The Supreme Court vacated the lower court’s summary judgment decision and remanded the case for further proceedings consistent with its opinion. Critically, the decision rejects the position adopted by the Eighth Circuit and a majority of the other U.S. Circuit Courts of Appeal that a transferred employee must show that the harm incurred by a transfer is “significant” or “material.” Rather, the Court held that a plaintiff “need show only some injury” with respect to the “terms or conditions” of their employment, noting that “[t]he transfer must have left [a plaintiff] worse off, but need not have left [them] significantly so.” As Justice Kagan explained, “[t]o demand ‘significance’ is to add words … to the statute Congress enacted.”

Applying this standard, the Supreme Court held that the plaintiff’s allegations of lower prestige and changes in her work schedule and work vehicle access, if proven, would meet the test “with room to spare,” even if her rank and pay remained the same.

Justice Thomas concurred in the ruling but took issue with the plaintiff’s lack of evidentiary support for her allegations of harm occasioned by the lateral transfer, and also questioned whether the majority’s “some harm” test was substantively different than the test applied by the Eighth Circuit. Justice Alito cast doubt on the functionality of the “some harm” test in practice and whether it amounted to a doctrine change at all, but concurred with the majority opinion that plaintiff’s allegations of harm met the standard required to state a Title VII claim, whatever that standard may be. Justice Kavanaugh disagreed with the use of any test to measure harm, but otherwise concurred with the outcome.

The Muldrow decision marks a notable transformation in workplace discrimination claims brought under Title VII. Indeed, the Supreme Court acknowledged the implications of the decision, stating in a footnote: “[T]his decision changes the legal standard used in any circuit that has previously required ‘significant,’ ‘material,’ or ‘serious’ injury. It lowers the bar Title VII plaintiffs must meet.” (emphasis added). The Supreme Court went so far as to predict (in that same footnote) that “claims that failed under a significance standard should now succeed.” While some courts may attempt to limit the Muldrow holding to the involuntary lateral transferee context, it is much more likely that the holding is applied broadly to any discriminatory actions impacting the “terms” or “conditions” of an individual’s employment.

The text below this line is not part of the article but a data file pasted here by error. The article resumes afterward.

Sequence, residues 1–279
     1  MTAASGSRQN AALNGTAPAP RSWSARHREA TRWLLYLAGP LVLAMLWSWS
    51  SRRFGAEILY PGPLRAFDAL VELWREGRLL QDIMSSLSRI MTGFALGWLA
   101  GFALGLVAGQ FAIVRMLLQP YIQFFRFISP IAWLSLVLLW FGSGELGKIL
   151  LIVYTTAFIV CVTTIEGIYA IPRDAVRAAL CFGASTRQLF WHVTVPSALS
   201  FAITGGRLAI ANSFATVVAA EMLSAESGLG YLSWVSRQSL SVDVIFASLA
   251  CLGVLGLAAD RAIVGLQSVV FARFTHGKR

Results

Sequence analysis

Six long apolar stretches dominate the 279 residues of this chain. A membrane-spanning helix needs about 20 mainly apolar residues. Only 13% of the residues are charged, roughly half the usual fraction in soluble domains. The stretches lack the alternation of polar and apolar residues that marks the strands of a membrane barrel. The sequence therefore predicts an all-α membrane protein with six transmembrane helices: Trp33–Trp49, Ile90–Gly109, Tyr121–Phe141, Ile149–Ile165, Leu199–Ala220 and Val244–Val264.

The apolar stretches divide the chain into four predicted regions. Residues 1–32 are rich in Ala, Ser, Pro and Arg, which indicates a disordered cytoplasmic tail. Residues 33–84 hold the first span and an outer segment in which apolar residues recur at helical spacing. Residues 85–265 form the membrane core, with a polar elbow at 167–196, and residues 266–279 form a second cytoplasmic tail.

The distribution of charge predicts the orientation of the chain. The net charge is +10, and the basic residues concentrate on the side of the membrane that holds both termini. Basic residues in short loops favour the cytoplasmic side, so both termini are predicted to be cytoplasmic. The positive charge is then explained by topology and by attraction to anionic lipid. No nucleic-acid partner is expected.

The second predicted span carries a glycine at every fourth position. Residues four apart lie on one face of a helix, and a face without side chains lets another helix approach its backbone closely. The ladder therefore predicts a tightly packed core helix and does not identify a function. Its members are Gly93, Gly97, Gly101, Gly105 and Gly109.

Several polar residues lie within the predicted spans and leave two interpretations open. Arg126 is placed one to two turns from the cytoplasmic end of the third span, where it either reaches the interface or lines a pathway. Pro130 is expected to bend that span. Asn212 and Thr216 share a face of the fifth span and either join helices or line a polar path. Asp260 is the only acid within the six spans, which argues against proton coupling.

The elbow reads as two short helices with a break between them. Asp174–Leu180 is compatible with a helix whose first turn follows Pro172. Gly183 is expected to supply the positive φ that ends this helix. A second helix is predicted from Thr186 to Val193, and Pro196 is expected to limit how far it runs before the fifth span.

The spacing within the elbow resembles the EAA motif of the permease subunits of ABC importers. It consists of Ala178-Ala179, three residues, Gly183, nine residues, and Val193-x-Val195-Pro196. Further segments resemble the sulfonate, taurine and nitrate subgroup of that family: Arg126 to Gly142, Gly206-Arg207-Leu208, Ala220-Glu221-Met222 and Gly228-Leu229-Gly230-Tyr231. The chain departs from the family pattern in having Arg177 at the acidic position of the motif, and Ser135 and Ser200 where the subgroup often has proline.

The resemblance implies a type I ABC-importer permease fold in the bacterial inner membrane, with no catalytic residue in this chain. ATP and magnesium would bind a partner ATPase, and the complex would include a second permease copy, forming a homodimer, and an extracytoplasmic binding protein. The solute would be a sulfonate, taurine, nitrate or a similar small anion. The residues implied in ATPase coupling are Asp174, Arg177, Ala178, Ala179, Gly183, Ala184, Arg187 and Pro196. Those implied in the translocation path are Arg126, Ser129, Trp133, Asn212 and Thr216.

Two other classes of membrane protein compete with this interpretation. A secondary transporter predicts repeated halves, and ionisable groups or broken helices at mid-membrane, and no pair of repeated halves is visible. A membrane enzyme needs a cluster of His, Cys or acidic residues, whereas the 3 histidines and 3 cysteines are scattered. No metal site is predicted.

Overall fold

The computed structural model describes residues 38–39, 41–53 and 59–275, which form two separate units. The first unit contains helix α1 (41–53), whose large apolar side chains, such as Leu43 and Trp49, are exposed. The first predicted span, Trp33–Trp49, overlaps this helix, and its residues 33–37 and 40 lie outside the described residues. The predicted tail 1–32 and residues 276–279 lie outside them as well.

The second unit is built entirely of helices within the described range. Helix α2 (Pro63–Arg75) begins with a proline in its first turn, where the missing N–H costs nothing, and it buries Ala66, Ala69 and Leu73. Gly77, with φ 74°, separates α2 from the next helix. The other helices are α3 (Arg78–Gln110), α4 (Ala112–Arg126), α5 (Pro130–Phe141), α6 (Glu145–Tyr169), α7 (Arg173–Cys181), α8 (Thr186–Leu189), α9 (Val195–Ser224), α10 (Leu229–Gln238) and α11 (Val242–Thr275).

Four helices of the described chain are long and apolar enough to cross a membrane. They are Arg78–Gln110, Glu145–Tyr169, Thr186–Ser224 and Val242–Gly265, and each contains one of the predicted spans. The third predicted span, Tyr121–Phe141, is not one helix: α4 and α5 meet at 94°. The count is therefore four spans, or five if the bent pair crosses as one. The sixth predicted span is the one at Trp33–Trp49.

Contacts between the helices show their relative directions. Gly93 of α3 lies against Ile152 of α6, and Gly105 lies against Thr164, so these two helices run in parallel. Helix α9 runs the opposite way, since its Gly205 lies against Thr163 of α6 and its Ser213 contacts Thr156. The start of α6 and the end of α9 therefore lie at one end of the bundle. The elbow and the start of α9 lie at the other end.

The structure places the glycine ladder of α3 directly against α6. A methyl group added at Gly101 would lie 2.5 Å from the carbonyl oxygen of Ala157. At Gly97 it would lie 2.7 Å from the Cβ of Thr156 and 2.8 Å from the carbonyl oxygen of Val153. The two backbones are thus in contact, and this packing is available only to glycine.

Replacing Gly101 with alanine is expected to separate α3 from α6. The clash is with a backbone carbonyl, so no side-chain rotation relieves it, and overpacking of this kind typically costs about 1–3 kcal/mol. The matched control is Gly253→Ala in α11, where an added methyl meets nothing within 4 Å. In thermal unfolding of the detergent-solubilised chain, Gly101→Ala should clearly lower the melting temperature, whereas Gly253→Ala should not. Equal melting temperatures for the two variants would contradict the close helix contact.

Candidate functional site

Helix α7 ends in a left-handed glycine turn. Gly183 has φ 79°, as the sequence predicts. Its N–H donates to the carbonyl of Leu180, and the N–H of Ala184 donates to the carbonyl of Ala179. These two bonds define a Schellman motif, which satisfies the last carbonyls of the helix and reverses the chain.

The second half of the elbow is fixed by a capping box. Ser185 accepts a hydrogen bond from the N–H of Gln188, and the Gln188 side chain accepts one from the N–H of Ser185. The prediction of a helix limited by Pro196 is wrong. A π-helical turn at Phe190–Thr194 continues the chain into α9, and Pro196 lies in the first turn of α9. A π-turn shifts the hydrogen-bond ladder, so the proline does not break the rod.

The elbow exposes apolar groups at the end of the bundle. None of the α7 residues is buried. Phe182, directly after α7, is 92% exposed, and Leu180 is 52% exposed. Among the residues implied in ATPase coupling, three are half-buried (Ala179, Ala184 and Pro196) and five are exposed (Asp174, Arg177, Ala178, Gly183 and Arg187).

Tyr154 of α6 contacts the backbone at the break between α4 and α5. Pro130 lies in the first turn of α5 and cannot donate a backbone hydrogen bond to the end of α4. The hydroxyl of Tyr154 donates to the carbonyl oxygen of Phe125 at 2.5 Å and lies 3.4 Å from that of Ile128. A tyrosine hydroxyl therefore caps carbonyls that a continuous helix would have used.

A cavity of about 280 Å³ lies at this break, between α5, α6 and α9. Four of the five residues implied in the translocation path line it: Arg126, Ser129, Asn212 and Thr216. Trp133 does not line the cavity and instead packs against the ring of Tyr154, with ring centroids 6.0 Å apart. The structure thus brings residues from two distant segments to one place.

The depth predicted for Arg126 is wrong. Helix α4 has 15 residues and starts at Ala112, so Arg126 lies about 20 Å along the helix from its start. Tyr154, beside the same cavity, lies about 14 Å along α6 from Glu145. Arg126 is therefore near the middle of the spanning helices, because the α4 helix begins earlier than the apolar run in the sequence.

One potential ramification of this decision, raised by the defendant on appeal, is that without a significant-injury requirement, the Title VII “floodgates” might open. While the Supreme Court dismissed this concern, it did note that such an outcome would simply be the “result of the statute Congress drafted” and it was not the Court’s place to “‘add words to a law’ to achieve what some employers might think ‘a desirable result.’” Accordingly, part of that flood might come in the form of challenges to Diversity, Equity, and Inclusion (DEI) programs by employees alleging that such participation alters the “terms and conditions” of their employment under Title VII. However, such concerns may be mitigated by the fact that plaintiffs are nonetheless required to demonstrate that they satisfy all the elements of a claim of discrimination, including their belonging to a protected class and disparate treatment. As the Court noted, “courts retain multiple ways to dispose of meritless Title VII claims.”

In sum, Title VII’s anti-discrimination provision does not “distinguish[] between significant and less significant harms” so long as there is “some harm.” Any involuntary change to the terms or conditions of an individual’s employment—a lateral transfer, a schedule change or a relocation, for example—that is disadvantageous in some way may be actionable. Given the lowered threshold for asserting workplace discrimination claims, employers face increased legal exposure to Title VII claims. Employers should continue to enforce, and ensure strict compliance with, anti-discrimination policies in the workplace.